Multilateralism must not impose law of strong, needs to create fair conditions for everyone: Germany’s Federal Minister for Foreign Affairs

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Bundesaussenminister Heiko Maas, SPD, trifft seine schwedische Amtskollegin und gibt eine Pressekonferenz, 10.04.2018, Berlin. Copyright: Inga Kjer/photothek [Tel. +493028097440 - - Jegliche Verwendung nur gegen Honorar und Beleg. Urheber-/Agenturvermerk wird nach Paragraph13 UrhG ausdruecklich verlangt! Es gelten ausschliesslich unsere AGB.]

Germany has been reunited in democracy and freedom for 28 years. It is now almost three decades since the political division imposed by the cold war was overcome, Germany’s Federal Minister of Foreign Affairs, Heiko Maas, said on Wednesday.

“Courageous citizens in East Germany were instrumental in bringing about the fall of the wall between the East and the West. Yet our partner states also played a crucial role. Without their trust in the peaceful, and positive development of a united Germany in Europe, German unity would not have been possible,”  Maas stressed, in the wake of Germany’s Unity Day.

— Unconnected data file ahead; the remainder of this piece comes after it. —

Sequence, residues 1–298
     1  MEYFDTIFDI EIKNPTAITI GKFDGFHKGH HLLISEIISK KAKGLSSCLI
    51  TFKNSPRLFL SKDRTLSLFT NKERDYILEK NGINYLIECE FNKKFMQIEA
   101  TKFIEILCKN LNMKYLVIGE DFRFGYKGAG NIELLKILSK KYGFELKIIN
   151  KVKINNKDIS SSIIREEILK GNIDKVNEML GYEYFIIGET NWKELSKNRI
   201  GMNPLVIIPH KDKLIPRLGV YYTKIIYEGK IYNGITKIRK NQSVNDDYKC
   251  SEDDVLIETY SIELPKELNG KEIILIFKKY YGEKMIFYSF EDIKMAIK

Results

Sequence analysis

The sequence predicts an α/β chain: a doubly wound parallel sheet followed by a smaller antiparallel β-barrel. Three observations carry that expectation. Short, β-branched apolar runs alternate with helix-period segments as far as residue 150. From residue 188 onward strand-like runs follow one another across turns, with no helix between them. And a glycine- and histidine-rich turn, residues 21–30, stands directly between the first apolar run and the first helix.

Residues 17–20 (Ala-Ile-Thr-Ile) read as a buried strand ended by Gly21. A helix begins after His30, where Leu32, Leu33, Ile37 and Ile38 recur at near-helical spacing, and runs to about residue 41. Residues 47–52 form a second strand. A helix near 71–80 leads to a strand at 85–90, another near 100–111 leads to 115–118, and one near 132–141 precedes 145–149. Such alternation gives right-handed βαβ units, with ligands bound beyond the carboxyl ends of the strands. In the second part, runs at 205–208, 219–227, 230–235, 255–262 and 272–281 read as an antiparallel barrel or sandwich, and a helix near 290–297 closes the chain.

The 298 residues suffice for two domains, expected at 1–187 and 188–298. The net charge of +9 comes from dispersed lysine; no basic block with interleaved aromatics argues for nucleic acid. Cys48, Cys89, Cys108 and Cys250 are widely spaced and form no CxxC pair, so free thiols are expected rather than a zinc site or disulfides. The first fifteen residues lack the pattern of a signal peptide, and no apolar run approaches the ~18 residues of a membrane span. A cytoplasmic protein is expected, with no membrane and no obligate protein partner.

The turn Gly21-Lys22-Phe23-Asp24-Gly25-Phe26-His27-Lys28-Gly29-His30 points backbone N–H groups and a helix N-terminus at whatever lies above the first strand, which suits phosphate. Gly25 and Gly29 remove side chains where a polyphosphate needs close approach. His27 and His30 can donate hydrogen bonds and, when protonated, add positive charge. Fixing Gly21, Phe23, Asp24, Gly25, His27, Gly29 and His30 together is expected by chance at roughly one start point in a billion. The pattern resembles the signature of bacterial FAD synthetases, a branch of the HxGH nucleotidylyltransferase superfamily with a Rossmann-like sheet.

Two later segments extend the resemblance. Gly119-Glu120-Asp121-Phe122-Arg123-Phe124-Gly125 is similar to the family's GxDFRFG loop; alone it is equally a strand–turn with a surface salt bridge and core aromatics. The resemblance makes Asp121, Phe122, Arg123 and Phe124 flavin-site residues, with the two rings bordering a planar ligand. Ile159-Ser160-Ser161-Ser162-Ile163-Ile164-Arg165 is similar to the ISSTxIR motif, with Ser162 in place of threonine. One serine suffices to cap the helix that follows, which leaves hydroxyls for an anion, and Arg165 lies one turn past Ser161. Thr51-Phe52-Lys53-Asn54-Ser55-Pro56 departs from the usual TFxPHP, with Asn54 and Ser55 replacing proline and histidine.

“This year, too, numerous countries have placed considerable trust in us,” he elaborated.

Adding that, in June, Germany was elected by more than 180 countries to the United Nations Security Council as a non-permanent member for two years.

The foreign affairs minister explained that Germany regards this trust from the international community as a commission to continue to do everything in the country’s power to promote peace and security in the world, in cooperation with their partners.

Maas said that this is only possible within the framework of a rules-based international order. He added further, “true multilateralism must not impose the law of the strong, but needs to create fair conditions for everyone. We want to work together towards this goal, in an alliance for multilateralism, which is open to all interested parties.”

Moreover, regarding the rise of the nationalist and populist sentiments, he stressed that it is necessary to overcome isolation, in the 21st century era, which is increasingly characterised by mutual dependence.

“It is right, and it is possible, to work to counteract these developments. In the mid-1980s, hardly anyone in divided Germany believed that the fall of the Berlin Wall was a possibility, and yet fall it did, just a few years later,” the federal minister for foreign affairs said.

Once again Germany is working with the European Union, and with the country’s partners, throughout the world to overcome divisions, bridge the gap between differing opinions, help resolve crises and conflicts across the globe, and promote human rights, and the rule of law, he continued.

“One lesson from German reunification is that true progress can never take place by going it alone. We are, and will remain, dependent on one another. And that is a good thing.” Mass concluded.

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